Online H-1B visa registration won’t be ready for H-1B season
A planned online registration system won’t be ready when people can next apply for new H-1B work visas on April 1.
On Wednesday, the US Department of Homeland Security released a copy of new H-1B visa process requirements. The requirements will change the order in which H-1B registrations are selected to help get more qualified job candidates into American businesses. They will also require online registration, once the online system is up and running.
The government had planned to roll out a more modernized registration system by April 1. But the public expressed concern about bringing a new system online too early.
“USCIS has decided to suspend the registration requirement until such time that the registration system is fully tested to be reliably operable, and, as necessary, modified to address commenters concerns,” the 214-page final rule draft states.
It was unclear when online registration will become available. Applicants will be able to continue to file paper petitions.
The H-1B visa is popular in American business. Some companies, especially in the tech sector, use H-1B visas to help fill their workforces. Tech firms big and small say they need the program to hire trained talent they can’t find in the United States. The work visa is valid for three years and can be renewed for another three years.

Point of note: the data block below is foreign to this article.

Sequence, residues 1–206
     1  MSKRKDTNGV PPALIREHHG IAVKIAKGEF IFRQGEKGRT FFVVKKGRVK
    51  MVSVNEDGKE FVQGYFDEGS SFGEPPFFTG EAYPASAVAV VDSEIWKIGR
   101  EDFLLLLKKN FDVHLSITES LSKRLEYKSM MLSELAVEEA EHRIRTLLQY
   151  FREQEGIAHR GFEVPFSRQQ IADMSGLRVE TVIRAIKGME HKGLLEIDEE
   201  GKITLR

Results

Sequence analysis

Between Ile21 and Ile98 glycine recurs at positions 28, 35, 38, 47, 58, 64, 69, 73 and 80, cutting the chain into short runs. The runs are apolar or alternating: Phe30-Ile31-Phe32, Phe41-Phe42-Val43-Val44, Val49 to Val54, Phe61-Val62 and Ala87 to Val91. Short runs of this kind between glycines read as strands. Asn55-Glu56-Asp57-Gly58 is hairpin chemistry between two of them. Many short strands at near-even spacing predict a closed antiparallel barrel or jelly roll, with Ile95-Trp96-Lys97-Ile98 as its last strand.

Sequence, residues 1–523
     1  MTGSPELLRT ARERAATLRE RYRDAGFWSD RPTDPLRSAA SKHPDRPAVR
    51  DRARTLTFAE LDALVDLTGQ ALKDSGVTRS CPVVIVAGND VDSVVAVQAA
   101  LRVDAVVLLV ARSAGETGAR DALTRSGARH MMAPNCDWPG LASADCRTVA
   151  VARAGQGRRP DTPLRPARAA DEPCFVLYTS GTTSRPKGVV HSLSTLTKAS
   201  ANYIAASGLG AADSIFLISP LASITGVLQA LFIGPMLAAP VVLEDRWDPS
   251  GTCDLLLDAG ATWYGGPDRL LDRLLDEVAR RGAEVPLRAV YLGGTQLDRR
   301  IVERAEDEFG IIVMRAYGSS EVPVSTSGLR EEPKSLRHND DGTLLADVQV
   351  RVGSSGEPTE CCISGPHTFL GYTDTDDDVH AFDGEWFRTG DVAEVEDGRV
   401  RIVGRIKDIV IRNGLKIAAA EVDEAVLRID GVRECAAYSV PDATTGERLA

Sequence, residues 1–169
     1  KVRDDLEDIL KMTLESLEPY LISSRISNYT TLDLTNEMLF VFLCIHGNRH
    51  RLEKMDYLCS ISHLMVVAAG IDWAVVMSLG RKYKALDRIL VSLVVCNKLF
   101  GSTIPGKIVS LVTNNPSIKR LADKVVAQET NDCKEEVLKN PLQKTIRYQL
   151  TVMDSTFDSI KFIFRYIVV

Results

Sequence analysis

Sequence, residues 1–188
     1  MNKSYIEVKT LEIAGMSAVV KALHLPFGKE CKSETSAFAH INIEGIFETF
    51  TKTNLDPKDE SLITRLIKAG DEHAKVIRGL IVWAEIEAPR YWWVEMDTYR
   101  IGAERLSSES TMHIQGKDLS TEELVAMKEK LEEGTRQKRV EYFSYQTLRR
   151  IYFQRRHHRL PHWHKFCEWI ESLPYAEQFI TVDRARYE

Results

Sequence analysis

The number of H-1B visas granted annually is capped at 65,000, and another 20,000 are reserved for people who hold advanced degrees from US higher education institutions. When demand exceeds the supply — as it often does — a lottery system is triggered.
The final rule changes the selection process so that all registrations are first applied to the 65,000 visa cap. After that, US Citizenship and Immigration Services will select from the remaining applicant pool to fill the degree cap. The agency has said the process could increase the number of H-1B holders who have advanced degrees.
The changes are in line with guidance to implement President Donald Trump’s “Buy American, Hire American” strategy.
Because of the changes, “US employers seeking to employ foreign workers with a US master’s or higher degree will have a greater chance of selection in the H-1B lottery in years of excess demand for new H-1B visas,” USCIS Director L. Francis Cissna said in a statement.